Parking Commission members at their most recent meeting voted 3-1 to uphold a $20 ticket for a man who claimed to have been held up unexpectedly at the eye doctor.
The split decision came after Yong Sung Kim made his case at the commission’s Nov. 9 meeting.
Kim said he paid for about one hour at the Morse Court parking lot to visit a Main Street optometrist, but that when he got to the doctor’s office, “there were two or three people ahead of me and basically I was just waiting.”
He asked the receptionist how long he’d have to wait to see the eye doctor and was told “soon,” Kim recalled. Then, the staff there put some eye drops into Kim’s eyes and when he said that he had to, told him that it was “too dangerous to go downstairs” until his vision cleared, he told the commissioners at the meeting, held in Town Hall.
According to Kim’s timeline, his time on the meter expired “around” 3:30 p.m. and he was ticketed about 20 minutes later.
However, a review of the meter record and ticket showed that Kim overstayed far longer than that, leading three commissioners to vote to uphold—Peter Ogilvie, Chris Hering and Pam Crum.
Keith Richey, the commission’s chairman, said that Kim likely thought the 45 minutes he paid for “would be enough” and told the appellant that he should “feel very good” about his defense.
“It rarely takes more than 15, 20 minutes” to visit the eye doctor, Richey said.
“They have me in and out of there,” he said.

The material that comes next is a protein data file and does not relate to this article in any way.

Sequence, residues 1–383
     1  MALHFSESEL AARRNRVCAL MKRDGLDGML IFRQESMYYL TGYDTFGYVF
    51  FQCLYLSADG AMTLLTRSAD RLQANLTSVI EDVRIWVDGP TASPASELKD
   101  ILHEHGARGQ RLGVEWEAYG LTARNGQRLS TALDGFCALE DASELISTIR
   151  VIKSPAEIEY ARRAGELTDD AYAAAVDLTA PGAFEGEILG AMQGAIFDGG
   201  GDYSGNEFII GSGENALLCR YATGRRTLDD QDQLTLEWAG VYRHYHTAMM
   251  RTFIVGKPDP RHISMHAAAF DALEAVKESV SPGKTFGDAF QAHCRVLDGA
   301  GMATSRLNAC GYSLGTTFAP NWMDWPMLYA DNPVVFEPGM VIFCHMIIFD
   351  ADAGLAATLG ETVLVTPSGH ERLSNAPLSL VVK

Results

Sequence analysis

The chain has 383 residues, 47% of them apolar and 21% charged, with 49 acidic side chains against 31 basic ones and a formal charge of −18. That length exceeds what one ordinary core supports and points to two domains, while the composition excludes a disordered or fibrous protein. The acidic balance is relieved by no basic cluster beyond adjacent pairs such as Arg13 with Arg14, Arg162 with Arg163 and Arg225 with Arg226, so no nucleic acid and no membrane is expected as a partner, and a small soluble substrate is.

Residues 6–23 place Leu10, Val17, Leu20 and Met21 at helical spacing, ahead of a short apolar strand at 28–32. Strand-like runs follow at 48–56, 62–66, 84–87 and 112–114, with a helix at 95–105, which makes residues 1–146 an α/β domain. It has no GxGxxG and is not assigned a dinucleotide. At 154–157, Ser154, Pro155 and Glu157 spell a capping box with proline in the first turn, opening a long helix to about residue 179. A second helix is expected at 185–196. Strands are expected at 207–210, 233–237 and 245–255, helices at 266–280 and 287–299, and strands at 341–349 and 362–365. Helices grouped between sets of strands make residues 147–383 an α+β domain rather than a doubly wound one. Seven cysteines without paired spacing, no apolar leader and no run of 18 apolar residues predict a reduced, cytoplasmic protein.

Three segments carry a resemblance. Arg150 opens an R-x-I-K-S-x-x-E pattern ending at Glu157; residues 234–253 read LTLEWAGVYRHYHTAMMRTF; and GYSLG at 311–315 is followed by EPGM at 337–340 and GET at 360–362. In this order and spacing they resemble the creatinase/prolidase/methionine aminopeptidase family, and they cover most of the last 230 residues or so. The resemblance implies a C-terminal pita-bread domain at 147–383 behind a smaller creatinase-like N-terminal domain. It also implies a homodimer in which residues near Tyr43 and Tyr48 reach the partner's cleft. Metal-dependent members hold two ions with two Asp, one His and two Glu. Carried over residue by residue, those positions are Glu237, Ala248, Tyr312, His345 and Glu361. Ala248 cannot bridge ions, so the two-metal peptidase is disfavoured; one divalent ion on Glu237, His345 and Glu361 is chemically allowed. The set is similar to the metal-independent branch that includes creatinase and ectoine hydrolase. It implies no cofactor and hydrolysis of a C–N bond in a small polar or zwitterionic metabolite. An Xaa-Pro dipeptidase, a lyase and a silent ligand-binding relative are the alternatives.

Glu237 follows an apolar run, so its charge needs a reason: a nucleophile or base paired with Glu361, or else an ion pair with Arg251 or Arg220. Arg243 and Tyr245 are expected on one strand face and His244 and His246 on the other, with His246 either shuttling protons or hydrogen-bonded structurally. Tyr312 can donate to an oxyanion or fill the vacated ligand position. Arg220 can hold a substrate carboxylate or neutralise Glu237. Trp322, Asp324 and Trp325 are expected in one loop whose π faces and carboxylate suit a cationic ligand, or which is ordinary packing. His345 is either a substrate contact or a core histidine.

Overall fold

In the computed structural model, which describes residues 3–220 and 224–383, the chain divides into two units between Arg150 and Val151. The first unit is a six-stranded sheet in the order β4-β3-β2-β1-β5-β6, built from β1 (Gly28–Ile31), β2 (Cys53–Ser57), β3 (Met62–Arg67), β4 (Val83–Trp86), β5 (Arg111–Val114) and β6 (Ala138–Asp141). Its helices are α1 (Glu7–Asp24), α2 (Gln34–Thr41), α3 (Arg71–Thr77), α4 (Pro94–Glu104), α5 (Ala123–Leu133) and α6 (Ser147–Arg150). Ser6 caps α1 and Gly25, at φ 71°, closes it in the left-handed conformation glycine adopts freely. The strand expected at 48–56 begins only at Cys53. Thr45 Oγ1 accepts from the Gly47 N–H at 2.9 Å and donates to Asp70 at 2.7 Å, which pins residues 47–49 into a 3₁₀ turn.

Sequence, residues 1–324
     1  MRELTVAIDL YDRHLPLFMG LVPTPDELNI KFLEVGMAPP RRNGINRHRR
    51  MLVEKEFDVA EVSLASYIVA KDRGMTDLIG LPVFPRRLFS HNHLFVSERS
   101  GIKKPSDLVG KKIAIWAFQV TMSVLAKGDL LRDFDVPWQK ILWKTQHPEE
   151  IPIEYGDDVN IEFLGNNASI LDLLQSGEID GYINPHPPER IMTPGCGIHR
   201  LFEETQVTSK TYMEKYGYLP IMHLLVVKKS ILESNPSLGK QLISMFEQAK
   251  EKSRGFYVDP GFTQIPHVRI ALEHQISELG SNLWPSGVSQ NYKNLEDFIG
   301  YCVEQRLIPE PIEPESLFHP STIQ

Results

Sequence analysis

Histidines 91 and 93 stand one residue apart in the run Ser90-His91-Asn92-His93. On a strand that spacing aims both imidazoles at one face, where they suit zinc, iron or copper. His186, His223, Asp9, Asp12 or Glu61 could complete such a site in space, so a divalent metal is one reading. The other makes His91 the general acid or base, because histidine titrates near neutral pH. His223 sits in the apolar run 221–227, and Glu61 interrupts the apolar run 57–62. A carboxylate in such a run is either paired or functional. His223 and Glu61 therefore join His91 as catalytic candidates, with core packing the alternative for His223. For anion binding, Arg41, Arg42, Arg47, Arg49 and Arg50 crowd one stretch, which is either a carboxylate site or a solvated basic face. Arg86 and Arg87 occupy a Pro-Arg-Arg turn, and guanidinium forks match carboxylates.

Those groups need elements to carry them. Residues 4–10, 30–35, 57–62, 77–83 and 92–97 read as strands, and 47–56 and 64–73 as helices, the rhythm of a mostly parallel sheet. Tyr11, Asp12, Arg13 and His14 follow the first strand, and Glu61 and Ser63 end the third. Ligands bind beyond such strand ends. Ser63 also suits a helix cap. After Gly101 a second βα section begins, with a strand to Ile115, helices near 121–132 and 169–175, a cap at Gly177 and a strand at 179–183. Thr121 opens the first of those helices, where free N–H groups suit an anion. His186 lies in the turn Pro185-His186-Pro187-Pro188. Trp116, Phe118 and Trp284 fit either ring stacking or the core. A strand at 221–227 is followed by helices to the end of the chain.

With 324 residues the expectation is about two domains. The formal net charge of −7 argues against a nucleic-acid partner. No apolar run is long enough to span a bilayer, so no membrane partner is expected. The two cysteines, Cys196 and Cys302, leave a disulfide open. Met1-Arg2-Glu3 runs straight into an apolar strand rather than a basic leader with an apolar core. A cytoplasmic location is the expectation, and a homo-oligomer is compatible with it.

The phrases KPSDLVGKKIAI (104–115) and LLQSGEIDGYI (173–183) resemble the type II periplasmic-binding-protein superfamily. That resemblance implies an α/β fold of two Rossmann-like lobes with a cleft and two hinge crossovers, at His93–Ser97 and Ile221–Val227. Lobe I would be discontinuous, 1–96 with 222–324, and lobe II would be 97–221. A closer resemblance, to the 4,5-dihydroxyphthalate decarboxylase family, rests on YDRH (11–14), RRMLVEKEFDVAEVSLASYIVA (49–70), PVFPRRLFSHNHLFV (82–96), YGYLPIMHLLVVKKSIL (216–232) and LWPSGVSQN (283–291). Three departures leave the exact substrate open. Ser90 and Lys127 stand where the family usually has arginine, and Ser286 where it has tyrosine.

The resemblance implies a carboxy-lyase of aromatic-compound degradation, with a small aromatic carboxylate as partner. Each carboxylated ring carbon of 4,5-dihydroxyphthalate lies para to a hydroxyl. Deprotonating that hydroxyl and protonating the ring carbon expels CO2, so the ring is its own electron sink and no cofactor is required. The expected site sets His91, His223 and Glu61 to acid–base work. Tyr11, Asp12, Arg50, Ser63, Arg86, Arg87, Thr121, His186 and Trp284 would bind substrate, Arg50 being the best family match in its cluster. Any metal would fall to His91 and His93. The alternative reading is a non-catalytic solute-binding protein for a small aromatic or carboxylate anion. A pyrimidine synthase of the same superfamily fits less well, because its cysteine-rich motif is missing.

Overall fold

However, Ogilvie responded: “You obviously do not have your eyes checked.”
Commissioner Stuart Stringfellow was absent from the meeting.
During the group’s deliberation, Ogilvie said: “If we void this [ticket], then what we are doing is saying, ‘It’s OK to pay 25 cents and stay for an hour.’ ”
When Crum pointed out that the ticket was the first ever issued for Kim, Ogilvie answered: “That is not the point. The point is the principal.”
Though Kim indicated that he had paid for about one hour of parking prior to his 2:45 p.m. appointment, the record showed that he in fact parked at 2:28 p.m. and paid for only 45 minutes, according to Crum. What’s more, the ticket itself wasn’t issued until 3:40 p.m., 27 minutes after it had expired, Crum said.
Parking Superintendent Stacy Miltenberg gave the commissioners some context, saying that most of those who are ticket for an unpaid space had paid when they parked but stayed past their time.
“We try to suggest to people that if you’re going in for appointments, which they may not always go on time, so throw more into the machine to cover yourself,” Miltenberg said.
Ogilvie said Miltenberg “put her finger on the underlying issue.”
“People put 25 cents in and they stay for two hours and this guy claims because he has problems in his eyes,” Ogilvie said. “Well you can walk out of the doctor’s office and put 25 cents in.”
Crum added that it’s possible also to ask the receptionist at this particular eye doctor’s office to put the money in for you as a client.
The office is “right on the street,” Ogilvie said.